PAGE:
Tustin PD’s mental health team keeps close watch on the community’s needs
Not all cries for help are obvious.
Some require an expert who knows what to ask and when to intervene.
It’s what makes Mia Andreani’s weekly ride-alongs with Tustin Police Department Master Officer Val Villarreal, Jr. so beneficial to the agency and community. Andreani, an OC Mental Health associate clinical social worker, is a member of the county health agency’s Psychiatric Emergency Response Team, which works with law enforcement agencies to connect with individuals in the community who could be experiencing a mental health crisis.
“The goal is to get people linked to care,” says Andreani.
Most of Andreani’s and Villarreal’s Wednesday ride-alongs involve following up on mental health-related calls originally handled by Tustin officers. These are calls that involved someone who could possibly qualify for an involuntary, temporary psychiatric hold utilized when a person is a danger to self or others.
During the follow-ups, Andreani evaluates the individual to see how he or she is doing. If Andreani feels they are a danger, she will put them on an involuntary hold and is able to easily handle the whole process without any red tape.
Villarreal says partnering with a mental health social worker like Andreani streamlines the process and significantly reduces the amount of time that normally would be spent by patrol officers handling these types of incidents.
“That takes hours sometimes,” he says.
On a recent Wednesday, the two made their rounds through the city, going through Andreani’s list of people she wanted to check on. They started with a man they found near a shopping plaza trash bin, a transient Villarreal knows from prior contacts. Villarreal is assigned as a Community Impact Officer and part of his duties include working with the city’s homeless population. Andreani spent several minutes speaking to the man, with Villarreal at her side.
Villarreal said they checked in with the man to let him know they’re around if he needs them.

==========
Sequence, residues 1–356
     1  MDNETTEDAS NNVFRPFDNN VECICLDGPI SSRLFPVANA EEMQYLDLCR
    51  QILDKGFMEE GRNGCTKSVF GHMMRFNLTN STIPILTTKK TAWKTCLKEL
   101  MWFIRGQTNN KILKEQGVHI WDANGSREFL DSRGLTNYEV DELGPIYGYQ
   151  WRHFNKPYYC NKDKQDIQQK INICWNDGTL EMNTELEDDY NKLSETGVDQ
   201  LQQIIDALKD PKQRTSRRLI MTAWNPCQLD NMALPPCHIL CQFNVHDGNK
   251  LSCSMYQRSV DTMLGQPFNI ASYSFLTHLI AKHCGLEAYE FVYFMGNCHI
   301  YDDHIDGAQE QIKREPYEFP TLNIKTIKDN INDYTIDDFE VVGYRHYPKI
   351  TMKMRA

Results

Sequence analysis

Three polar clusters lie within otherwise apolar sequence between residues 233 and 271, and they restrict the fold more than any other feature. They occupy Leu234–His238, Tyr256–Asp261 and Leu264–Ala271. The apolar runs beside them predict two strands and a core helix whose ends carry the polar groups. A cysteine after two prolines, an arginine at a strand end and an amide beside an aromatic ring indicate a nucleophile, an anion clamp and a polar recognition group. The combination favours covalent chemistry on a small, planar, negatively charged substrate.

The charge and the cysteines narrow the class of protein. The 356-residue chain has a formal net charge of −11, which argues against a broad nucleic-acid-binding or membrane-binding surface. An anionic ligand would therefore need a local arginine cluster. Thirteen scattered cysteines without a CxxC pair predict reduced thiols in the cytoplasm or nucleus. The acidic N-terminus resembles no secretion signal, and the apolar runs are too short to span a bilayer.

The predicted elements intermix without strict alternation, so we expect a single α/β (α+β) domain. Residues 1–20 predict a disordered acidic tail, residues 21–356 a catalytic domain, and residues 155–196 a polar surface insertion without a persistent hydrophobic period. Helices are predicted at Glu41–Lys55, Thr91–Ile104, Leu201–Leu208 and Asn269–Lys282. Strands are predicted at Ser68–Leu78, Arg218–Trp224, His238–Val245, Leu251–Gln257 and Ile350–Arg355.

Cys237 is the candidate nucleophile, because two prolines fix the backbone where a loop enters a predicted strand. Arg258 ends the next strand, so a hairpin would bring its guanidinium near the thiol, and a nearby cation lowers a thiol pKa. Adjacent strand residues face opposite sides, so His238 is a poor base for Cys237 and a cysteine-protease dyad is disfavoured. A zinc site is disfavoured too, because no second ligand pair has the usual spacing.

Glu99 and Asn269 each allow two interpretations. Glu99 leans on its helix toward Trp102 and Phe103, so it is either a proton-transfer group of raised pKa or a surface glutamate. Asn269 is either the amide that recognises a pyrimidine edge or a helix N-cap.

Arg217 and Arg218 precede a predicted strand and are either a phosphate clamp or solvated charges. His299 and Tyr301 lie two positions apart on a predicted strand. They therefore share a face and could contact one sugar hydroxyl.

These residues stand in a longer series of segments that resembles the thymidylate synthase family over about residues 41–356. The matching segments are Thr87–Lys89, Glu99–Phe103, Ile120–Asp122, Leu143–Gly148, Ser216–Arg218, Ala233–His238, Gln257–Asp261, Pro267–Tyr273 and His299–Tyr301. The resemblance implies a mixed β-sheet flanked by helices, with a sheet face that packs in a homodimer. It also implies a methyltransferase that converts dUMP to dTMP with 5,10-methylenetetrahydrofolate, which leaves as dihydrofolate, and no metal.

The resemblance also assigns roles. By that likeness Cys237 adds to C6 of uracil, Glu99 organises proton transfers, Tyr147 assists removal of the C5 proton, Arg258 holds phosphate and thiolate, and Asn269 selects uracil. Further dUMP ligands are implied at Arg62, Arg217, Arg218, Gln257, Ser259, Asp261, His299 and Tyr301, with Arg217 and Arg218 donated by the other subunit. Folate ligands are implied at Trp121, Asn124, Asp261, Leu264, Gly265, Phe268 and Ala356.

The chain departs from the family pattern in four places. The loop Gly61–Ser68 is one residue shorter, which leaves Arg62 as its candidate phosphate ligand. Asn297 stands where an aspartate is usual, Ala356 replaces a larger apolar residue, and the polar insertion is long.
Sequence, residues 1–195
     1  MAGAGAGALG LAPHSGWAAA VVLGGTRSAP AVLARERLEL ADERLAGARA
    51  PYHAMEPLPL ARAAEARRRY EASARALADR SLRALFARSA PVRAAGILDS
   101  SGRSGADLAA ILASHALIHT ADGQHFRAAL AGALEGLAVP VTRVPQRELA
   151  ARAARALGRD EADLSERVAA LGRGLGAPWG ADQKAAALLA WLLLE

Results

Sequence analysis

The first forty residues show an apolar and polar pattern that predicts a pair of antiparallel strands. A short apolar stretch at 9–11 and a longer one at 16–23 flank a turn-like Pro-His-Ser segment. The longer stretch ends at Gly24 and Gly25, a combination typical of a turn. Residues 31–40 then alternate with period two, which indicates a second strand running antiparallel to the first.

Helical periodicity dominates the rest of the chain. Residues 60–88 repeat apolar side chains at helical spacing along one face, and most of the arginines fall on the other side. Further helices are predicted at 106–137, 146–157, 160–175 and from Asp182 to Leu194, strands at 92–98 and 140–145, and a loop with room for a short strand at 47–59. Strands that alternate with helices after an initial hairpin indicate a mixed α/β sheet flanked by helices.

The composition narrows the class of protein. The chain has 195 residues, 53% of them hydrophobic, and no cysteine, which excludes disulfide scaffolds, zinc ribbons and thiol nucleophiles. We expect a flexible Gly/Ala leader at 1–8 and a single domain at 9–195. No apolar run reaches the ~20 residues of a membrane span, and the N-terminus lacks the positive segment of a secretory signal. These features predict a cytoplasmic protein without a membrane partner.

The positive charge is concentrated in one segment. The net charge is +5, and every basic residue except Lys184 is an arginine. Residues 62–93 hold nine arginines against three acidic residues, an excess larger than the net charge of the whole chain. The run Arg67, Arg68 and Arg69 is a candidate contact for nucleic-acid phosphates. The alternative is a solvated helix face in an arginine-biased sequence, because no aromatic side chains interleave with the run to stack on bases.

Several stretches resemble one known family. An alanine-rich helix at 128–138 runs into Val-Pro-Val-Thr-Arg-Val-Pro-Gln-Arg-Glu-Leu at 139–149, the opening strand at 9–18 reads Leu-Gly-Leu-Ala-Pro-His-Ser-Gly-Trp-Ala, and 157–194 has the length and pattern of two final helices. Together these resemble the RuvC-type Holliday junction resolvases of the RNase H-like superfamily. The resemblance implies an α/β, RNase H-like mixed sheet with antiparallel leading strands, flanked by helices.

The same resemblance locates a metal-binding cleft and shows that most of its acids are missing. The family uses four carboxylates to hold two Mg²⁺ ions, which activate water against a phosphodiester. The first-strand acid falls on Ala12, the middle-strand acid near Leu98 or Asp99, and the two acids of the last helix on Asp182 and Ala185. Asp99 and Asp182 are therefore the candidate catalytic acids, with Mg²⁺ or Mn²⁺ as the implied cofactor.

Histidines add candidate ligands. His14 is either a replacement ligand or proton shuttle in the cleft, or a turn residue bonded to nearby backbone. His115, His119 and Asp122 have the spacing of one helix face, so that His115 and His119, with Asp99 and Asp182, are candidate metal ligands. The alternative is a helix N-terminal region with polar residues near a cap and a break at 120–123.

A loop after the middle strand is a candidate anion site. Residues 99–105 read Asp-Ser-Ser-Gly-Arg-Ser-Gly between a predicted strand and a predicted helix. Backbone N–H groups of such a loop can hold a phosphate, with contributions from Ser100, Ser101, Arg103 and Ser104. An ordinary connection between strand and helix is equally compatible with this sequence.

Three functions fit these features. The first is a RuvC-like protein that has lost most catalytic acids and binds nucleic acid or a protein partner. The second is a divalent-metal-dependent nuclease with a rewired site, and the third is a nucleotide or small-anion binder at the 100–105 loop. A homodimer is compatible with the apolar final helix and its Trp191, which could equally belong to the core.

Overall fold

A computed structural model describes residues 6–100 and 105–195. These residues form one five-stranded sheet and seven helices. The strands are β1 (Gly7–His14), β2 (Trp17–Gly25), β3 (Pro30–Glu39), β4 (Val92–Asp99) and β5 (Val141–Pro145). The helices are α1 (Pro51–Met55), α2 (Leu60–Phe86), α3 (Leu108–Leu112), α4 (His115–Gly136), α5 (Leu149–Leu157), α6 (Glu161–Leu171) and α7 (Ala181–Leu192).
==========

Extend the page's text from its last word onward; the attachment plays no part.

“Mia has a very good rapport with him,” Villarreal says.
In addition to follow-ups, Villarreal and Andreani will take mental health calls during their shift. They’ll take over the calls for the responding officers if there’s no criminal threat.
“It relieves the pressure off of patrol,” Villarreal says regarding the mental health evaluation calls. “We do everything start to finish.”
On other days of the week, Villarreal can still provide assistance to other officers for mental health calls, which helps move things along more efficiently. He will then note the call for future follow-up with Andreani.
“It’s almost like having mental health [assistance in the city] … 24/7,” Villarreal says.
They see a variety of mental health issues such as schizophrenia, bipolar disorder, postpartum depression and many others. Each individual requires his or her own unique level of services and referrals, which Andreani can provide.
“We encounter a lot of different mental illnesses,” she says.
Part of their follow-up visits can also involve speaking with family members. While Andreani can’t disclose details to the family about the individual’s case, the family can tell her how he or she is doing to help her further evaluate the situation.
“We’ll get information from the family a lot,” she says. “We’ll ask about whether they are taking their medication, whether they’ve been sleeping OK.”
Villarreal points out that determining whether someone qualifies for an involuntary commitment case isn’t always crystal clear. An individual may say he or she wants to hurt themselves, but that kind of language isn’t always used. Sometimes the information is much more subtle. Which is why Andreani’s presence is so important.